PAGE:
I'm trying to implement Linear Least-Squares Optimization for Point-to-Plane ICP Surface Registration Paper describes linear approximation for point to plane distance for rigid ICP. This approach is pretty straightforward however during implementation I faced with some strange degenerative case where such approximation lead to solving singular linear system.

Let me explain. We want to solve following optimization problem (ordinary sum of point-to-plane distances)

$$ argmin_{\alpha, \beta, \gamma, tx, ty, tz}\sum_i((M(\alpha, \beta, \gamma, tx, ty, tz)s_i - d_i)^Tn_i)^2 $$

where $M$ is 4x4 transformation matrix computed from euler angles and translations, $\{s_i\}$ and $\{d_i\}$ are ordered sets of 3d points sampled from surfaces $S$ and $D$, $\{n_i\}$ is ordered set of normals from $D$ which correspond to points $\{d_i\}$

Obviously this problem is non-linear least squares due to trigonometric functions inside $M$. The author proposes linear version of $M$ by replacing $cos(\alpha)$ by 1 and $sin(\alpha)$ by $\alpha$. After this approximation problem above becomes simple linear least squares problem and can be expressed in form

$$ ||Ax - b||_2^2 $$ where $x$ is vector of optimization variables. Matrix $A$ and vector $b$ can be easily expressed from $s_i, d_i, n_i$.

From paper $i$ row of $A$ is equal (by eq 10 from paper) $$ a_i = [n_{iz}s_{iy} - n_{iy}s_{iz}, n_{ix}s_{iz} - n_{iz}s_{ix}, n_{iy}s_{ix} - n_{ix}s_{iy}, n_{ix}, n_{iy}, n_{iz}] $$

Now let consider simple geometric example. Let $\{s_i\} = \{[1, 0, 0], [0, 1, 0], [0, 0, 1], [-1, 0, 0], [0, -1, 0], [0, 0, -1]\}$ and ${d_i} = {n_i} = {s_i}$. Now vertices $s_i$ are parallel with normals $n_i$.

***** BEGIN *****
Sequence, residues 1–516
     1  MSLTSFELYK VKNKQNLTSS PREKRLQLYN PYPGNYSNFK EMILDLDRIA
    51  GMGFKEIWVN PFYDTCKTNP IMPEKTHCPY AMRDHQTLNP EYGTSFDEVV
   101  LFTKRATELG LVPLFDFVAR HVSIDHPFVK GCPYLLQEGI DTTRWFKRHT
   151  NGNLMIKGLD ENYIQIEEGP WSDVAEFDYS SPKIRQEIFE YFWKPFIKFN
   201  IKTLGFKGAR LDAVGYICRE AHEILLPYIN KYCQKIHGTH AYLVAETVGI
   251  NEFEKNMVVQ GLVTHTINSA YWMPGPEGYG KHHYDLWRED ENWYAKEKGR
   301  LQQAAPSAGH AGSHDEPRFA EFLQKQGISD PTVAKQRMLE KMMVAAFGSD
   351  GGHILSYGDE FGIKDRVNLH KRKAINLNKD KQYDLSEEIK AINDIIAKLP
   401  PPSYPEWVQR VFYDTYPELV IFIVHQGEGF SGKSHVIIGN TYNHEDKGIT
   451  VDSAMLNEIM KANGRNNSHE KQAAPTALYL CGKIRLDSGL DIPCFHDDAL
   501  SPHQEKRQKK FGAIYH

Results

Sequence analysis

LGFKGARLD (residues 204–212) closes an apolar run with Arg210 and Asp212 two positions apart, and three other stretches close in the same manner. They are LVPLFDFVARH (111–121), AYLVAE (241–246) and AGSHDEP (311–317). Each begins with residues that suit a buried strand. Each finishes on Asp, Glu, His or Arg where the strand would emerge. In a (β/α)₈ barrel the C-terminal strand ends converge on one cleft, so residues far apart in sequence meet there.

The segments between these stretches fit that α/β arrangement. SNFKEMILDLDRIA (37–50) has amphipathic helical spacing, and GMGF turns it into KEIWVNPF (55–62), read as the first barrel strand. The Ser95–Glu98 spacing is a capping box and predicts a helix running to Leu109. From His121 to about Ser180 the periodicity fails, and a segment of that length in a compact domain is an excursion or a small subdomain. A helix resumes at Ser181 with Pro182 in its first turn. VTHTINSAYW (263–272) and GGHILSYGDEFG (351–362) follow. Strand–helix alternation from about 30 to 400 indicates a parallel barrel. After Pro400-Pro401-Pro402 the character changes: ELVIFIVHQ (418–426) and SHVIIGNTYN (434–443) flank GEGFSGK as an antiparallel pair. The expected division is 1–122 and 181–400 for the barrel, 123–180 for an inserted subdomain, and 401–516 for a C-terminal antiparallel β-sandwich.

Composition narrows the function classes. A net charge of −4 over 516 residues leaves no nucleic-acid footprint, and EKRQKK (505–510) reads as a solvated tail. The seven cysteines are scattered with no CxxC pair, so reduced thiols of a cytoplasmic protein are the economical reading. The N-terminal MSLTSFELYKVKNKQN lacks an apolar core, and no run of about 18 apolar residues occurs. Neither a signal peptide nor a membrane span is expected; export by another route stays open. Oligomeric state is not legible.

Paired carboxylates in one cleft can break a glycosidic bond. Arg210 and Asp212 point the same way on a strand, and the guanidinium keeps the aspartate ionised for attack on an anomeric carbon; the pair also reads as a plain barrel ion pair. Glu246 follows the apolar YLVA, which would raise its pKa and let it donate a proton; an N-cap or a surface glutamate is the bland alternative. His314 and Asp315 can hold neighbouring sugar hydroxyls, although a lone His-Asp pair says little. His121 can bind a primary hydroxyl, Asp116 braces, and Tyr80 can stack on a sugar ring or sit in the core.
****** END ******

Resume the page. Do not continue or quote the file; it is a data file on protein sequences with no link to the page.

Obviously first 3 columns of $A$ are equal zero which leads us to ill-posed least squares problem.

My question is: What is geometrical interpretation for such case? Why collinearity of normals and points leads to bad optimization problem?

Sory for my English/Latex skills


1 Answer 1


This approach is the result of a Taylor approximation, which assumes that we are not very far from the solution (solution is the case when $R\approx I$ - no more updates can be made). Under large rotations this linearization will fail.

Moreover, point to plane distance is prone to sliding errors when normals and points have particular configurations, such as the point lying on the plane. In these cases it is not the approximation, but the metric that suffers.

Having said that, there is a MATLAB code, as well as an OpenCV module implementing this paper. They also suffer from such drawback when the rotation is far apart.

  • $\begingroup$ Thank you for answer! Unfortunately configuration in my question will broke algorithm even for zero rotation (matrix "A" does not depends on rotation). $\endgroup$
    – Daiver
    Commented Jan 5, 2018 at 13:05

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